AFTER two years of planning and fundraising, 10 fifth and sixth year Douglas Academy pupils headed to Africa this summer for a month-long expedition.
They were accompanied by David Rowlands, principal teacher of geography, on the trip to Botswana and spent their first night in traditional huts in Mochudi, a small town near Gabarone, and camped for the rest of the week.
The group were introduced to some of the local teenagers who had volunteered to help in the first community project - to build the foundation for a toilet block at the Khama Rhino Sanctuary near Serowe. Villagers hope that by improving the camping area more money can be generated to help save the endangered white and black rhinos.
The students learned how to mix cement the ‘African way’ with no mixers and how to dig out and build the foundation slab. To thank them for their work they were taken on a game drive one evening to see white rhinos, giraffes and ostriches - the red sunset over classic African plains, with zebras grazing nearby, was one of the most memorable evenings of the expedition.
Then it was time for the intrepid explorers to set off for their second community project in a remote area in the north west of Botswana in the Okovango Delta, near the border with Namibia.
The pupils camped in Shakawe village to work with the ‘ToCADI Trust’ which was set up to improve lives in poor rural areas in Botswana. Again, their task was to build a toilet block for tourists - an interesting feature of their stay was the sound of nearby hippos calling throughout the night!
They also spent three days walking to villages which have no road access on the ‘cultural heritage trail’ which was set up by locals. They played football with children and chatted to them, and in the evening joined the villagers who gathered around a big fire for traditional dance with costumes, music, songs and storytelling. The San tribe is famous for its click language so hearing this was an amazing opportunity.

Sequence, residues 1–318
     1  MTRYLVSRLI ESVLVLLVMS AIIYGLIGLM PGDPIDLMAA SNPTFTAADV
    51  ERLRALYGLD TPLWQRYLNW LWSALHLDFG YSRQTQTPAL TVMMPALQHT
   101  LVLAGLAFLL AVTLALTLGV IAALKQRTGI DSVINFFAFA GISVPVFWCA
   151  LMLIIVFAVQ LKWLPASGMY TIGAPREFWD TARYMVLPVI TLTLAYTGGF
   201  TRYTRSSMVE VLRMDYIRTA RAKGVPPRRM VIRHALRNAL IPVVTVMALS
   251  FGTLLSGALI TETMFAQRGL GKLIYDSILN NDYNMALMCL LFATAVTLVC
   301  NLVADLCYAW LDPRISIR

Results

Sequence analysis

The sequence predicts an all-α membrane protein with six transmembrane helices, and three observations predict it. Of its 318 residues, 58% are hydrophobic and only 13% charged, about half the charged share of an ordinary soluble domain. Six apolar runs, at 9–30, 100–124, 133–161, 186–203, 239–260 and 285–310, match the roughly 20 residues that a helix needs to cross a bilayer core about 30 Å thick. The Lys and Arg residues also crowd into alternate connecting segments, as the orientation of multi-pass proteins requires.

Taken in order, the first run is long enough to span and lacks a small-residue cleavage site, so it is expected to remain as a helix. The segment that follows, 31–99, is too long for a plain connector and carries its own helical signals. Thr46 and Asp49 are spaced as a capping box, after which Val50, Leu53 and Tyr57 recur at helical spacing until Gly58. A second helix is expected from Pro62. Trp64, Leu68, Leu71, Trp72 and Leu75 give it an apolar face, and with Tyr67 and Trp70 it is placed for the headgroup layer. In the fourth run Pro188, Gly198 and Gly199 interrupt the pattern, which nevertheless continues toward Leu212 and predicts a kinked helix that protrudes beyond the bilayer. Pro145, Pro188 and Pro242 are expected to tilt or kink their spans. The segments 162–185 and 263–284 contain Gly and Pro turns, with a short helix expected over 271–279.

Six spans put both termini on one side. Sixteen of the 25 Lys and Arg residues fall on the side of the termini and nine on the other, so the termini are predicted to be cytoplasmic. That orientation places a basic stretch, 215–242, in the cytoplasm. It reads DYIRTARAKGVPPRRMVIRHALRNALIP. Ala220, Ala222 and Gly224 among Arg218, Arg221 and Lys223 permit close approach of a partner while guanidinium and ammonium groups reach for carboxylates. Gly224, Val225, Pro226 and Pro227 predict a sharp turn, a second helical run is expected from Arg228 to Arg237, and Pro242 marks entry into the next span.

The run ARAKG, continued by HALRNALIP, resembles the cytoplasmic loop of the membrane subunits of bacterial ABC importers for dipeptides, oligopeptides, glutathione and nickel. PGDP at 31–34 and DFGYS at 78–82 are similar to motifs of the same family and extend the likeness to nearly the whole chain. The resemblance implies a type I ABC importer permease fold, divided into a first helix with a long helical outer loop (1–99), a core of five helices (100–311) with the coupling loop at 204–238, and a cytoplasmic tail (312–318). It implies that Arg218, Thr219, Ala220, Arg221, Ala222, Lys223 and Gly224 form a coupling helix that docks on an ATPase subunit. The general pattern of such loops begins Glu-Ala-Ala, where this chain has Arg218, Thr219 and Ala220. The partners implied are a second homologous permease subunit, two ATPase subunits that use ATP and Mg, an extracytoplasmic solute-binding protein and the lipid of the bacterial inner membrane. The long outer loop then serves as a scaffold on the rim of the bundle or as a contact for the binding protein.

The villagers led the group on an expedition to their sacred Tsodilo Hills, where some of the rock art has been dated to 8000BC and is some of the earliest evidence of humans in the world.
This was followed by a safari with wild camping and a journey through the national parks of Moremi and Chobe in the north of Botswana. While watching two lions ‘sleeping’ near a lake, a kudo antelope made the almost fatal mistake of coming near for a drink so the pupils were fortunate to witness the lions in chasing mode - the kudo escaped! In addition, they got great views of leopards, elephants, hippos, honey badgers, buffalo, African wild dogs, crocodiles and African fish eagles.
After this they travelled to Zimbabwe at Victoria Falls - which were spectacular as the wet season had recently ended and the sound and raw power of the ‘smoke that thunders’ was truly awesome.
Finally, the group travelled back south to the capital city, Gabarone, to explore the city centre including the tea terrace of the Presidents Hotel – much loved by a character in one of Alexander McCall Smith’s books - Mma Ramotswe.